A woman whose husband was senselessly killed three years ago at a restaurant on the Danforth is trying to make sure that what happened to her family does not happen to anyone else’s loved ones.
Zilla Parker has launched a petition calling on Ontario’s lead coroner to hold an inquiry into her husband Dominic’s death, in the hopes that recommendations from that inquiry could lead to strengthened policies around severe mental illness and treatment.
A website set up to promote the petition says Zilla wants the inquiry “not to lay blame, but rather to identify what changes can be made to our health care system to better diagnose and treat mental illness in the early stages, so that other tragedies can be prevented.”
On September 14, 2013, Dominic, a firefighter, was in a Middle Eastern restaurant near Coxwell and Danforth when he was stabbed in the head by Nabil Huruy, a man who was later found to be suffering from paranoid delusions. Dominic later died from his injuries.
Huruy was found not criminally responsible for Dominic’s death on December 15, 2015, with the court ruling that he did not have a rational perception of the world around him, nor the capacity to make rational choices because of his psychosis.
“Since Dominic’s death, there have been others in our province who have been killed by people suffering from undiagnosed or untreated mental illness. This is a systemic problem in our society where, as the court said, severe mental illness is not diagnosed and treated before a tragedy strikes,” reads the petition. “The Office of the Chief Coroner has the discretion to order an inquest to allow juries to make useful recommendations to prevent other deaths in similar circumstances. Such inquests perform a critical role in increasing public safety, as the recommendations from inquests can lead to changes in legislation, policies and procedures.”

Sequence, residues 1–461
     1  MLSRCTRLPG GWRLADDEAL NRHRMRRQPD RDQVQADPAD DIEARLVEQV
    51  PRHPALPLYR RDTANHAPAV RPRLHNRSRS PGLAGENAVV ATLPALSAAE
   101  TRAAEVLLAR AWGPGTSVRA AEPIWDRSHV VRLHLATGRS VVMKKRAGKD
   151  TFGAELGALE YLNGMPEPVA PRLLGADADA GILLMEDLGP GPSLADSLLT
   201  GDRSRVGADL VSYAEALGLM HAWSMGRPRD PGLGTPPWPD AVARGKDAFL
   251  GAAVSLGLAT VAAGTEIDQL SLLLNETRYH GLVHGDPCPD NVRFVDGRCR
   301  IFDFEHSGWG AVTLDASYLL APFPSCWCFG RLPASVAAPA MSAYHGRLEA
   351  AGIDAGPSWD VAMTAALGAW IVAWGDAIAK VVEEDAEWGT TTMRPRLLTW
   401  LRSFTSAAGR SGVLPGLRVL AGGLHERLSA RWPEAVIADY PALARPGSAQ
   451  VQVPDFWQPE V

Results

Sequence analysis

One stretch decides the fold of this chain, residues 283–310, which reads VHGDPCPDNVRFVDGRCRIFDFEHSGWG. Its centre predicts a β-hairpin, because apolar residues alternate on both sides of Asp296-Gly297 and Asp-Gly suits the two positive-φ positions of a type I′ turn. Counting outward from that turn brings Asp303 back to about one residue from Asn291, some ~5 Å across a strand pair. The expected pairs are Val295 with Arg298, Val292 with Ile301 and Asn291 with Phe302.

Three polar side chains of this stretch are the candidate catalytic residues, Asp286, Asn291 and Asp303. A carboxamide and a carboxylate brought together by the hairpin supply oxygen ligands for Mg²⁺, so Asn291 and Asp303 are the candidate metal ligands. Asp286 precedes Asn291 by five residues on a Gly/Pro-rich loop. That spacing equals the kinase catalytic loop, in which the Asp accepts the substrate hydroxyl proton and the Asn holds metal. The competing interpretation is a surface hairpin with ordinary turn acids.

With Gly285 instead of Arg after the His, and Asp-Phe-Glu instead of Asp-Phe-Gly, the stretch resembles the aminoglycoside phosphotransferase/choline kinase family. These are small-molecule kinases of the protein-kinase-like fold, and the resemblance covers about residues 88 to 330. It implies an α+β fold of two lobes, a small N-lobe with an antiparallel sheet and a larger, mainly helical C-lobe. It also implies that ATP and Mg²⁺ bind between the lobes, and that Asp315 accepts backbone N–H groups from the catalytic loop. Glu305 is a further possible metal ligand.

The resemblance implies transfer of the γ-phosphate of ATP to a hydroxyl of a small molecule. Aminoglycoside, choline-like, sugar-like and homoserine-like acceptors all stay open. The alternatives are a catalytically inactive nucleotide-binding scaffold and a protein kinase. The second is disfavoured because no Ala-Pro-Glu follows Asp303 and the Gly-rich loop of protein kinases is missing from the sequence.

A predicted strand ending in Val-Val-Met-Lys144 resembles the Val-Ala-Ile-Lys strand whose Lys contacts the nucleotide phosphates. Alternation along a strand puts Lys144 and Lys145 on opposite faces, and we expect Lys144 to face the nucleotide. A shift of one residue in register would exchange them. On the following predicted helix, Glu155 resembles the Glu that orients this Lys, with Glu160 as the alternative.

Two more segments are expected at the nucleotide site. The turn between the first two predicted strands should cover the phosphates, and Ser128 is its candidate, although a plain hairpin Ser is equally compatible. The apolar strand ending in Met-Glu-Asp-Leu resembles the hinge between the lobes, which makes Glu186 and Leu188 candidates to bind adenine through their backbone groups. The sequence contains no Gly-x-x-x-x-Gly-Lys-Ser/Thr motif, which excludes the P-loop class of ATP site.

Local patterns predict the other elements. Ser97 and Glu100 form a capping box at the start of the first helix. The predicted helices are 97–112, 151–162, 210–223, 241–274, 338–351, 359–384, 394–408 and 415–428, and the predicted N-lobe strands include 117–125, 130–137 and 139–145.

At the heart of Zilla’s petition is the fact that in the days leading up to the offense, Huruy was in contact with police and first responders at least three times, with those who interacted with him noting his erratic mental state.
“If Mr. Huruy had been held for an assessment of his mental state after any of his interactions with the police and first responders, Dominic would still be alive today,” reads the petition, which emphasizes that the system failed Huruy, as well.
Cheryl Mahar, a spokeswoman for the Ontario coroner’s office, said that while she could not comment on the specifics of this case, the coroner’s office does take into consideration public input, like petitions and letters, when deciding when to conduct an inquest into a death.
The vast majority of inquests are mandatory inquests, for example, deaths that take place in custody, but a small amount of inquests are done at the discretion of the coroner in the public interest.
How small? Out of around 15,000 deaths last year, there were 32 inquests, with 29 of those being mandatory and three discretionary.
Read Zilla Parker’s request for an inquest below:
This post has been updated.